Mike Milam saw a need. Low-maintenance landscaping would save time and money. It would combine an educational opportunity with a spot to walk and relax in nature. With the help and approval of others, his vision is coming to fruition.
For 18 years, Mike has mowed four of five acres on the First Presbyterian property. At 77 years of age, he started looking for an alternative. Through his research, he settled on a solution. Create a pollinator habitat. The answer that he found involves working with community leaders and businesses.
Trailblazers, like Mr. Milam, do their homework. His role as church treasurer made him aware of the financial capabilities of this congregation. He knows the patterns of their pre-existing obligations. He is in touch with their vision for the future. Hiring commercial mowers for one year would cost anywhere from $4,000 to $6,000 at current rates. In contrast, the pollinator habitat’s annual upkeep cost would be less than $500 after creation. Local Boy Scouts will build benches. Walking paths are a part of this plan. Implementation compelled this innovator to find certain skill sets beyond his own.
Taking on a job like this requires partnering with learned people. The plan’s execution consists of a detailed calendar of events. Dirk Dempsey, the Agriculture and Natural Resources Educator for the OSU Extension Office in Pike County, has been an invaluable resource. His technical guidance on this project assures smooth sailing every step of the way. The Pike Soil and Water Conservation District sampled soil. Top lawncare provider TRUGREEN spread herbicide in June to kill pre-existing non-native grass. This application will repeat in October and next April to create a clean slate.
As invasive green grass is now brown, Mike highlighted this area with the purchase of 15 signs highlighting the coming gift to the community. These signs announce the future. Next April, planting of wildflower and native plant seeds should happen. By summer, we should all be able to see project completion, plants growing and blooming there. Initial labor will be complete.
First Presbyterian’s idea to transform just grass into a pollinator magnet makes sense. Douglas Tallamy, a professor in the Department of Entomology and Wildlife Ecology at the University of Delaware, has written several books on this subject. Starting with Bringing Nature Home: How Native Plants Sustain Wildlife in Our Gardens in 2009, Tallamy’s voice asks for more native species habitat where we live, not just in parks and preserves. According to Southern Living magazine, transforming manicured lawn into a native plant populace was a 2021 top garden trend.
Waverly’s First Presbyterian Church is a church seeking to serve the community while saving time and money at the same time.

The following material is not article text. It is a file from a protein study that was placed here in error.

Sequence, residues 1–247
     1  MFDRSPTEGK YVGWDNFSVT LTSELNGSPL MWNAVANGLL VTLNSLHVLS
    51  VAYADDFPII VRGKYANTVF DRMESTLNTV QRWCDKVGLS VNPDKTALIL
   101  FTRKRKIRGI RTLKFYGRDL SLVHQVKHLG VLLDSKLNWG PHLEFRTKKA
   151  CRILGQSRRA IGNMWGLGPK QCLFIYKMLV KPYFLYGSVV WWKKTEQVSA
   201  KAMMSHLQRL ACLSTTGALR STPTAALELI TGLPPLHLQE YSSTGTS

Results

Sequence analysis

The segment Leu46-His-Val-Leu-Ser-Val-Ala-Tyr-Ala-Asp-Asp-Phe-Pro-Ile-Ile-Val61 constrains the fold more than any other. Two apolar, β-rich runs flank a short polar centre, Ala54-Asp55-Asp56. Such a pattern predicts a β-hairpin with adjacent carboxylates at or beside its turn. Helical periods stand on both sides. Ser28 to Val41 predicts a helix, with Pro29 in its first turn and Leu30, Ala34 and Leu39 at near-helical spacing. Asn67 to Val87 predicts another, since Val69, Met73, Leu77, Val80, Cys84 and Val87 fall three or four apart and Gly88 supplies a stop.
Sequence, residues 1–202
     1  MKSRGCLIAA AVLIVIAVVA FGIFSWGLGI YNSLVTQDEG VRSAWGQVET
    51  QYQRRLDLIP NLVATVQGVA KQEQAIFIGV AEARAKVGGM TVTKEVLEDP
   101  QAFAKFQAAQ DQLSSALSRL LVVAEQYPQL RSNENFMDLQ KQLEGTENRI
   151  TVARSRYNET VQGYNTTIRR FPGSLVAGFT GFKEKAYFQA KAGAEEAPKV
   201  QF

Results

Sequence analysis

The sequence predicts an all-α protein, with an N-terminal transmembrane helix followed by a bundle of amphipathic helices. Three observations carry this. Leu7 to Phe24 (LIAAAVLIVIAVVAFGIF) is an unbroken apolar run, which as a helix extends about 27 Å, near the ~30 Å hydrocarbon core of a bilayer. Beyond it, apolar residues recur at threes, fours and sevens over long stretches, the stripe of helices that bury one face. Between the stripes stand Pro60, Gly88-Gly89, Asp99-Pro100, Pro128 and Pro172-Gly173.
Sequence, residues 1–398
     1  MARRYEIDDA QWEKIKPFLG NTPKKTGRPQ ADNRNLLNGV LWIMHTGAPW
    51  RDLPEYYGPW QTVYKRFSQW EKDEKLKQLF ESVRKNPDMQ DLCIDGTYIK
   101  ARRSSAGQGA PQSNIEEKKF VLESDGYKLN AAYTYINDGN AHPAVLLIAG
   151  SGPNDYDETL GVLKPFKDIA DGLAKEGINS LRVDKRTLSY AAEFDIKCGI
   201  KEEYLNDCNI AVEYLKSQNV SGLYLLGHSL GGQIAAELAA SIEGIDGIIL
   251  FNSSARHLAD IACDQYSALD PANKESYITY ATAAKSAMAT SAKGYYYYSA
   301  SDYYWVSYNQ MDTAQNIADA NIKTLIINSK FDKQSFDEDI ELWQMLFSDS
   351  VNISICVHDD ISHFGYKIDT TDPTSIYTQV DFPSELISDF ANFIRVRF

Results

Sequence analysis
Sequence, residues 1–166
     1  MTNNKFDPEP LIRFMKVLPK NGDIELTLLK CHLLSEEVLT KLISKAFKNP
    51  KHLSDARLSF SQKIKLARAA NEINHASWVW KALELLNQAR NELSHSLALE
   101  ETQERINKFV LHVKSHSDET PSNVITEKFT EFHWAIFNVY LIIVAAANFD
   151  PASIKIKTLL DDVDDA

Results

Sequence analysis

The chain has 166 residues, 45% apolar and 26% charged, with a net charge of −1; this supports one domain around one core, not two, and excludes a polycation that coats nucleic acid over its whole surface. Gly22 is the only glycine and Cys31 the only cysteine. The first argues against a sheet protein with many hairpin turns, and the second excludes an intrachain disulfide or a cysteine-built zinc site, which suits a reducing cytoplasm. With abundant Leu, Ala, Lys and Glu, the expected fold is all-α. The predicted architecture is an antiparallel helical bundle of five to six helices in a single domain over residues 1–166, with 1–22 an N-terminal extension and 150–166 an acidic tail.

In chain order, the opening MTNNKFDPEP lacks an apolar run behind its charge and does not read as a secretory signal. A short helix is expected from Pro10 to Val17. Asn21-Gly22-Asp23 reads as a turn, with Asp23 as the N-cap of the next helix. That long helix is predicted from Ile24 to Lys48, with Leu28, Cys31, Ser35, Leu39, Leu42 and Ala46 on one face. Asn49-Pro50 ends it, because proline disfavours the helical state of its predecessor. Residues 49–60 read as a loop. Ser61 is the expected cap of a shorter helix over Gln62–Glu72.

Other writers agree. Teresa Odle and Nina Malkin co-establish on bobvila.com, “Native plants require less fertilizer, water, pesticides, and overall care than plants brought in by settlers. To learn what will thrive in your neck of the woods, type “native plants” and your state into a search engine — you’ll find tons of info.” Katherine McLaughlin, architecturaldigest.com writer, notes that “Native plants have developed a symbiotic relationship with the wildlife in the specific environment for thousands of years…With perennials, you only have to plant them once (that’s less work in itself), and they come back year after year.”
People in the area are learning about one church’s latest idea. Those in our area who understand that we need to protect and preserve biodiversity are paying attention. Biodiversity is the variety of life. Conservation is key. First Presbyterian plans to make demonstration plots available for public education. The habitat will set an example for promoting the development of other future pollinator habitats. The church plans to invite beekeepers to set up hives at this location. 4-H and other school groups can perform studies and/or grow milkweed for Monarchs. Local youth groups could build and install bluebird boxes. Monitoring would enhance that effort.
Mike Milam and First Presbyterian are not the only ones in this area changing things for the better. The Village Council of Waverly has sought an ODNR NatureWorks grant this year. If approved, some money will allow native prairie grasses and wildflowers to replace the grassy mowed lawn at Bristol Park.
Up on a hill not far from Kroger, big changes are taking place. A man with a plan got it started. He worked with others. He reached out for help as needed. Others came to his aid. Using their skills and talents, they supplied his needs. His idea, a team effort, is materializing. These game-changers and area resources are what make our community a great place to be.